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Chronic Myelogenous Leukemia

more about Chronic Myelogenous Leukemia

CML or chronic granulocytic leukemia

  • Chronic myelogenous Leukemia (CML) refers to an overproduction of white blood cells (WBC) in the bone marrow. The marrow is the site in the body where red blood cells (i.e., RBC, carry oxygen to the cells of the body), white blood cells (i.e., WBC, fight infections), and platelets (form blood clots) are formed.
  • When excess white blood cells invade the bone marrow, they also spill over into the blood. Since they consist mostly of mature granulocytes, like neutrophiles and myelocytes, they are able to function normally. As a result, symptoms are less severe compared to acute forms of Leukemia, and develop more slowly.
  • This condition has three phases, which define symptom severity:
    1. Chronic phase, in which there are only a small number of blast cells -- i.e., immature WBCs not capable of fighting infection -- in the blood or bone marrow, and thus no signs or symptoms of Leukemia.
    2. Acute or accelerated phase, with more blasts cells found -- and more symptoms.
    3. Blastic phase, with 30% of the blood cells found to be immature blast cells. Symptoms may be severe. Most cases are seen in adults, but children also develop CML.

  • Chronic phase may last for years before entering the accelerated phase.

- Chronic phase:

      1. Feeling tired
      2. Feeling discomfort in the left upper abdomen (due to the enlargement of the spleen or splenomegaly)
      3. Mild shortness of breath
      4. Low grade fever
      5. Mild paleness 
      6. Weight loss
      7. Loss of appetite
      8. Excessive sweating, especially at night
      9. Inability to tolerate warm temperature
      10. Mild bone pain
      11. Right upper abdominal fullness (enlarged liver or hepatomegaly)
  • Accelerated phase is actually a transitional phase that may last for months to years, with the above symptoms becoming more pronounced.

    1. More pronounced left upper abdominal pain (splenomegaly)
    2. Bone pain
    3. Fever
    4. Paleness
    5. Shortness of breath
    6. Lack of energy and appetite
    7. Night sweats

  • Blast crisis:

- Bleeding -- skin Bruising, petechiae (small areas of bleeding under the skin), and fever due to infections. Patients appear very sick.

  • Blast cells can also invade the brain and the skin.

  • Unknown
  • Damaged genetic material (DNA) maybe responsible

  • Often patients unknowingly in the chronic phase with mild or no complaints, will incidentally have a physical exam or a blood test that reveals splenomegaly, hepatomegaly, or increased numbers of WBC.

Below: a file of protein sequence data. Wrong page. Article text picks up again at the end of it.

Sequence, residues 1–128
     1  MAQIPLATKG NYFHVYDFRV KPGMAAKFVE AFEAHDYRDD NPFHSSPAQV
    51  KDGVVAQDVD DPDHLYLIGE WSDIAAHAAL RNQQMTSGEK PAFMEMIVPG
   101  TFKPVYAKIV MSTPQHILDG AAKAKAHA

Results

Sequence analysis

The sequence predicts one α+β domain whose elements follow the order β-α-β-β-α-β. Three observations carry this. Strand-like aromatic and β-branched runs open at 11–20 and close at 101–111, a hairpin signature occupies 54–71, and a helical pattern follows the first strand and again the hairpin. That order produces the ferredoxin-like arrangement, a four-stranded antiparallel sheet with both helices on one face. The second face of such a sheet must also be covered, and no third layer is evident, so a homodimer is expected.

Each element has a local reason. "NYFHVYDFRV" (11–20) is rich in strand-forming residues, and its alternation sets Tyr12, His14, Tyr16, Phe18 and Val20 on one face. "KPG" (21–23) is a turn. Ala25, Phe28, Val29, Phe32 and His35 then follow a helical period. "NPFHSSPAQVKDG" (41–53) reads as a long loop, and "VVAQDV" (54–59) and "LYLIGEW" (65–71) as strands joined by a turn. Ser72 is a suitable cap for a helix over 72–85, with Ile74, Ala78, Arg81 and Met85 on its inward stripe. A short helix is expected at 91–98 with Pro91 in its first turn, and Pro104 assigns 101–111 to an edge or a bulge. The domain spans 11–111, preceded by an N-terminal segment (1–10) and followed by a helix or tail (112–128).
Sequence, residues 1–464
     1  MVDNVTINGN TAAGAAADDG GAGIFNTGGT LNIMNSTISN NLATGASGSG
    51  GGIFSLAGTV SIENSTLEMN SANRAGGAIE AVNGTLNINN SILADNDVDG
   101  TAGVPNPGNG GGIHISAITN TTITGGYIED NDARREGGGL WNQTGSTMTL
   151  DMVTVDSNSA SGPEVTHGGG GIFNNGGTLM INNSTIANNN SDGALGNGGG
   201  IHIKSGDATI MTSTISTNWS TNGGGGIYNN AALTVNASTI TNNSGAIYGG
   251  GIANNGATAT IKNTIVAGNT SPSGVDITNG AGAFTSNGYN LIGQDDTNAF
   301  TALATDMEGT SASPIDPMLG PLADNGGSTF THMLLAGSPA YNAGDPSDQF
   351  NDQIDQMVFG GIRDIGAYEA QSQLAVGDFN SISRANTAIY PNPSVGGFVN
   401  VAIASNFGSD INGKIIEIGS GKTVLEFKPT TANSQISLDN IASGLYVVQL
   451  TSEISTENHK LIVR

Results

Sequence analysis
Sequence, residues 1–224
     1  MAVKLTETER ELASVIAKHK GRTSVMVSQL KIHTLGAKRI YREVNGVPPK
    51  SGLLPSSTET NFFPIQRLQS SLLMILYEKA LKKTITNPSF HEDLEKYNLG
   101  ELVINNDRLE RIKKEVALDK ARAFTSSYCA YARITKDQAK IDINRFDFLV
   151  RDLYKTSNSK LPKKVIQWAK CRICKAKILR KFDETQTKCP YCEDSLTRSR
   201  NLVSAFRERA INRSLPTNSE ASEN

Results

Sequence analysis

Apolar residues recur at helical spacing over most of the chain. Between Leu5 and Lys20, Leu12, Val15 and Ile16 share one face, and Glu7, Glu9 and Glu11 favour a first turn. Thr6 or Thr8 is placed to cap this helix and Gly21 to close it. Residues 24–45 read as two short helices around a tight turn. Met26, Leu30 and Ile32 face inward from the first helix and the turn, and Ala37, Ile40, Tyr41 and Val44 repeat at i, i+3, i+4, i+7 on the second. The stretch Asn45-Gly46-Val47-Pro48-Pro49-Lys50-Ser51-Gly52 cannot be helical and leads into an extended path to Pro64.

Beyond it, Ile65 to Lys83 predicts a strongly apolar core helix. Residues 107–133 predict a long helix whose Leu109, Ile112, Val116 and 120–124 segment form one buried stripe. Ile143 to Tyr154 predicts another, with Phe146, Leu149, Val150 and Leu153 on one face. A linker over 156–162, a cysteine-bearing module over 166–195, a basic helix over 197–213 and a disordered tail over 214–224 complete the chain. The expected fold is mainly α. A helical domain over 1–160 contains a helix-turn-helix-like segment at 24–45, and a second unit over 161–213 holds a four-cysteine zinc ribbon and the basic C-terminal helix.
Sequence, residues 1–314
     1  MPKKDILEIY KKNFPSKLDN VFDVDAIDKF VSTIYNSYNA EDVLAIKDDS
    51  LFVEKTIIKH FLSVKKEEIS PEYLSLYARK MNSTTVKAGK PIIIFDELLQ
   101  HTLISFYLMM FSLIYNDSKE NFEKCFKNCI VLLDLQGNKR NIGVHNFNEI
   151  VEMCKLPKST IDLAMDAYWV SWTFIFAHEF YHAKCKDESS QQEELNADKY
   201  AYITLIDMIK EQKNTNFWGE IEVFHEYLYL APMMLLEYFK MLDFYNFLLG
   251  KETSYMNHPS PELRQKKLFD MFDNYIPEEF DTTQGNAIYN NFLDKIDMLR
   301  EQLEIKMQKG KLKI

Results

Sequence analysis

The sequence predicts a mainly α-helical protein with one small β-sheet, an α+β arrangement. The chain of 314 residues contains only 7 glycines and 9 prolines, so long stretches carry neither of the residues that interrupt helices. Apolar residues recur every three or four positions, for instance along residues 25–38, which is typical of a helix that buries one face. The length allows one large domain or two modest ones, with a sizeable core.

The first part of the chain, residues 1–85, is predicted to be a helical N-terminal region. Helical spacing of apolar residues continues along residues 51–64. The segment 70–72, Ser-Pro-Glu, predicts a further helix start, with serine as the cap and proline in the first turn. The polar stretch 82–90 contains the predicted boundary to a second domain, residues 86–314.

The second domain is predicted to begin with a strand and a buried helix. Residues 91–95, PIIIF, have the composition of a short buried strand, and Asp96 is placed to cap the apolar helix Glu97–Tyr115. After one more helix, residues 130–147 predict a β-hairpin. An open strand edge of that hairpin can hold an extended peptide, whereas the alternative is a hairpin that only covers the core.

• During the accelerated or blastic phases, patients may be admitted to the hospital with complaints of infection, severe anemia, or bleeding.
  • Blood tests:

    1. May show presence of (and percentage) blast cells
    2. Show increased numbers of WBC (mature granulocytes, normal lymphocytes, basophiles, and eosinophils)
    3. May show mild to moderate anemia
    4. Platelet count may vary from low to normal to high
    5. In CML, the mature cells have absent (or low) levels of leukocyte Alkaline phosphatase (an enzyme normally present in these cells).
    6. There may be an elevation of Uric acid in the blood.

  • Bone marrow content is often examined under a microscope in order to identify Leukemia type and extent of the diseases. In blast crisis and the accelerated stage, the marrow shows large numbers of WBCs (blast cells).
  • Cytogenetic testing on the cells from the bone marrow will show the Philadelphia chromosome.
  • The Polymerase Chain Reaction Test (PCR) is a sensitive and accurate way of diagnosing CML.
  • Imaging techniques of the abdomen (MRI, CAT scan, Ultrasound) show enlargement of the spleen and liver.

  • Ionizing radiation
  • Presence of Philadelphia chromosome -- an abnormal chromosome (number 22 contains the BCR gene) found in the cells of CML patients Chromosome number 9 (ABL gene) is also abnormal in CML patients. Abnormal fusion of BCR-ABL leads to formation of an abnormal protein that may be responsible for CML.
  • Benzene.

  • Myelosuppression is the main form of therapy, intended to reduce the number of white blood cells and restore the count to normal levels.
    1. Medications such as Busulfan, Hydroxyurea, Cytarabine, and Alpha Interferon are some of the medications most commonly used.
    2. Leukapheresis is a technique used to filter the blood of excess WBCs.
    3. Bone marrow transplantation is often considered for younger patients with a sibling (whose bone marrow closely matches the patient's).
  • Removal of the spleen is sometimes done if it is enlarged.

  • Contact your physician as soon as possible. Be sure to ask about any new treatments, research, clinical trials, or procedures that may be available for CML.

more about Chronic Myelogenous Leukemia

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